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This print ad features our “Your Concert Connection” slogan is from the late ‘70s or early ‘80s. It’s promoting the 24-hour WMMS concert line, which provided complete information on upcoming concerts in our wide listening area.
In the seventies, as the album rock format and FM radio penetration grew, many stations preferred to play it safe and limit the airplay of new, upcoming artists. We went in a different direction. From Alan Freed in the early fifties to Billy Bass in the late sixties and early seventies, Cleveland had a rich radio history as a breakout market for new music and we planned to continue that tradition.
Being a breakout market put Cleveland in the national music spotlight. Many artists that went on to international prominence received their first commercial radio exposure on WMMS. Artists as diverse as Al Stewart, Todd Rundgren, Roxy Music, David Bowie, Duran Duran, and U2 got significant airplay on WMMS before – and in some cases – long before they became nationally known and accepted.
It established Cleveland as an important region for new music. The record labels and artists’ managers followed up WMMS airplay by putting those new acts in front of a live audience at station-sponsored venues. Sometimes we went after them (as Denny Sanders would do in booking the Coffee Break Concerts), other times they came after us. The enthusiasm for new music ran in both directions.
New artists were often given their first exposure at the Agora on East 24th and the Smiling Dog, until its closing, on West 25th or as an opening act at the Allen Theater in Playhouse Square – one of the few signs of life in that part of town in the seventies or the Music Hall on St. Clair.
We recorded our WMMS Nights Out at the Agora and the Smiling Dog and would playback the former on Wednesdays at 10 and the latter, Saturday night/Sunday morning at midnight. Later, we changed our Agora shows to live remote broadcasts, which started at 10 PM.
Sometimes we’d have two – or even more WMMS Nights Out at the Agora in a single week.
In the early eighties, when the Coffee Break Concerts went live from the Agora, it presented still another opportunity to showcase new and upcoming artists (and occasionally a surprise superstar) before a live audience – both at the club – and as a live concert simulcast on WMMS – every Wednesday afternoon at 1.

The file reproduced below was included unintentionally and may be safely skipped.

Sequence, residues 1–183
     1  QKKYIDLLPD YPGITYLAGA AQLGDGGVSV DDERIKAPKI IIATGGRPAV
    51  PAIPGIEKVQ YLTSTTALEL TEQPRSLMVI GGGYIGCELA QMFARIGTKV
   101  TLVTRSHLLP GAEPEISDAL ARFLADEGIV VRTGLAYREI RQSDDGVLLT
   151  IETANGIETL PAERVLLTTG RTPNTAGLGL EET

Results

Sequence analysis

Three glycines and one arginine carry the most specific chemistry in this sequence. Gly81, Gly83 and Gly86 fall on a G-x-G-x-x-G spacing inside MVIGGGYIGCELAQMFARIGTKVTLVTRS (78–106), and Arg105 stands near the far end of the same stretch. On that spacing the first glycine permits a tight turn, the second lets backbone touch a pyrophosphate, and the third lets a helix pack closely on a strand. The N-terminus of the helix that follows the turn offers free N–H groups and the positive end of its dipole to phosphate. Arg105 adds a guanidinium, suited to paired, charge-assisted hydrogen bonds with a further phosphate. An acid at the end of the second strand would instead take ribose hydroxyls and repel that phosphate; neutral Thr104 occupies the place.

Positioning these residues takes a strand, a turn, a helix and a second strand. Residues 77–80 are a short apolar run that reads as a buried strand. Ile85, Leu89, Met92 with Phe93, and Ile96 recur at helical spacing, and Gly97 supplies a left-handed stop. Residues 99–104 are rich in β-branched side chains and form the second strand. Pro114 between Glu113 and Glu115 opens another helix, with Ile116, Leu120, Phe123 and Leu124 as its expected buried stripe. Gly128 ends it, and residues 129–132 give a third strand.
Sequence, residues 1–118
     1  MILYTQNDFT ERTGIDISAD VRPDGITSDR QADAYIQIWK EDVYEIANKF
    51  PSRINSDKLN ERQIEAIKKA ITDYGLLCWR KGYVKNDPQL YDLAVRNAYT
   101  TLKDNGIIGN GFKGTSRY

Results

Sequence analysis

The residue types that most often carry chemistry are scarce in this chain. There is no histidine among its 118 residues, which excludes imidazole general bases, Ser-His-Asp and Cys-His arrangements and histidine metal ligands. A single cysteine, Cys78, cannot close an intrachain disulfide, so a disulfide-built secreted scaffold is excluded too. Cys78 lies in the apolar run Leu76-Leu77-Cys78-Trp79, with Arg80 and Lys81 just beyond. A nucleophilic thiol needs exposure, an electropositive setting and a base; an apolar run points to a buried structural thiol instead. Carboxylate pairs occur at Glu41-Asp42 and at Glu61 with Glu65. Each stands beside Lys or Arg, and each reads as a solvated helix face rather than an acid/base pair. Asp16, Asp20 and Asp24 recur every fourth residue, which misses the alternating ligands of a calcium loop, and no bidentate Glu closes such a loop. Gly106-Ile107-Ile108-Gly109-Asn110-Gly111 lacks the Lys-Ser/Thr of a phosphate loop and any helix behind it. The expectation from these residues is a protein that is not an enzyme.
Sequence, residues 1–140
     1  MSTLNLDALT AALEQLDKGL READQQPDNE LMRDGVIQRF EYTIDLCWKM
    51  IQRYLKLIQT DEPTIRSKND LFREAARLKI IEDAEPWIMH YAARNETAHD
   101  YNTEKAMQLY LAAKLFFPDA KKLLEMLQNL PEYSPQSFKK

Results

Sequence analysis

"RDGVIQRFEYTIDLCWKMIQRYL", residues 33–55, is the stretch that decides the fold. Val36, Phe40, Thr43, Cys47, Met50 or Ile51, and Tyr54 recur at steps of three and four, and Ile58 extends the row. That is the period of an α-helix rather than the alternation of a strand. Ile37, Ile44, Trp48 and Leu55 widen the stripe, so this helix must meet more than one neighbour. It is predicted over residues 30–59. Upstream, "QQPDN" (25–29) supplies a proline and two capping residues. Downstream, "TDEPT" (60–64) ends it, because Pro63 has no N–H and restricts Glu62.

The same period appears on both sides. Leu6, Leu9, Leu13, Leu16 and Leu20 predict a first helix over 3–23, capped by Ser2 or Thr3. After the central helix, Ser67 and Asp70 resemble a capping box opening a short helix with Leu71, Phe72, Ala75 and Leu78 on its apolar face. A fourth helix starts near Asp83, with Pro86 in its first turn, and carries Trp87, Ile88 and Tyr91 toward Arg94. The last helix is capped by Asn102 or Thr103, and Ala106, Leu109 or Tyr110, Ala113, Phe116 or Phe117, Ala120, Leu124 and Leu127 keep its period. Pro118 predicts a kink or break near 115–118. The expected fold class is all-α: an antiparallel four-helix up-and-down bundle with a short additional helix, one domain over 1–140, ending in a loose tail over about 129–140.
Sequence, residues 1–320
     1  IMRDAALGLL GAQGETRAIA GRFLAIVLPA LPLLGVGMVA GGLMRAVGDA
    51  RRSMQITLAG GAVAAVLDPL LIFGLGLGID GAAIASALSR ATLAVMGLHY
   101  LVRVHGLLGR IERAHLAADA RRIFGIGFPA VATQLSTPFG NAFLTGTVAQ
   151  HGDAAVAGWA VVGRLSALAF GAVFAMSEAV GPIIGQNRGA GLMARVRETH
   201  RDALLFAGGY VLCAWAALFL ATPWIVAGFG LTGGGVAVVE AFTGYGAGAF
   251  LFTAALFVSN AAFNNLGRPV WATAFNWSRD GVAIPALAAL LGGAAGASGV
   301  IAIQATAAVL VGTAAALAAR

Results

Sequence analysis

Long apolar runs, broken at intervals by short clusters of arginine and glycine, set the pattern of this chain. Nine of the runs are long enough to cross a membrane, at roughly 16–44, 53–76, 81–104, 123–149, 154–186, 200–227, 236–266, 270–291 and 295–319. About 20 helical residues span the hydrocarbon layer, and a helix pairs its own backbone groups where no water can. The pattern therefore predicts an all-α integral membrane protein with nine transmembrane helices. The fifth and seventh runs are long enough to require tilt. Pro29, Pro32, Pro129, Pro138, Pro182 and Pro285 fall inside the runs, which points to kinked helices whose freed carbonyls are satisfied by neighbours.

Artists like U2, Bad Company, Boston, Bruce Springsteen, Southside Johnny, and Bryan Adams received their first exposure – and live concert broadcast – on WMMS from the Agora. The first live concert broadcasts – anywhere – from Boston, Meatloaf, and Bryan Adams – were from the Agora.
Lynyrd Skynyrd’s first live appearance north of the Mason-Dixon line was at the Smiling Dog and thirty-three years later people still talk about the one and only Freaker’s Ball with Dr. Hook that took place at that venue on a hot summer Friday night.
Few cities – including New York – offered the opportunity to follow an artist’s career from new act to major performer. Most acts would start at the Agora and graduate to the Allen Theater, Music Hall, and later, the partially (at the time) remodeled Palace Theater. That would follow with a Public Hall appearance, then the Coliseum or Blossom Music Center in the summer – and finally, Cleveland Municipal Stadium.
The World Series of Rock concerts offered a full-day rock and roll – from superstars to future stars. The first dates Def Leppard and the Scorpions played in the U.S. took place in front of a small crowd of 80,000-plus at Cleveland Stadium.
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More on why Cleveland is the Rock & Roll Capital of the World and why WMMS was “Your Concert Connection” is covered throughout The Buzzard.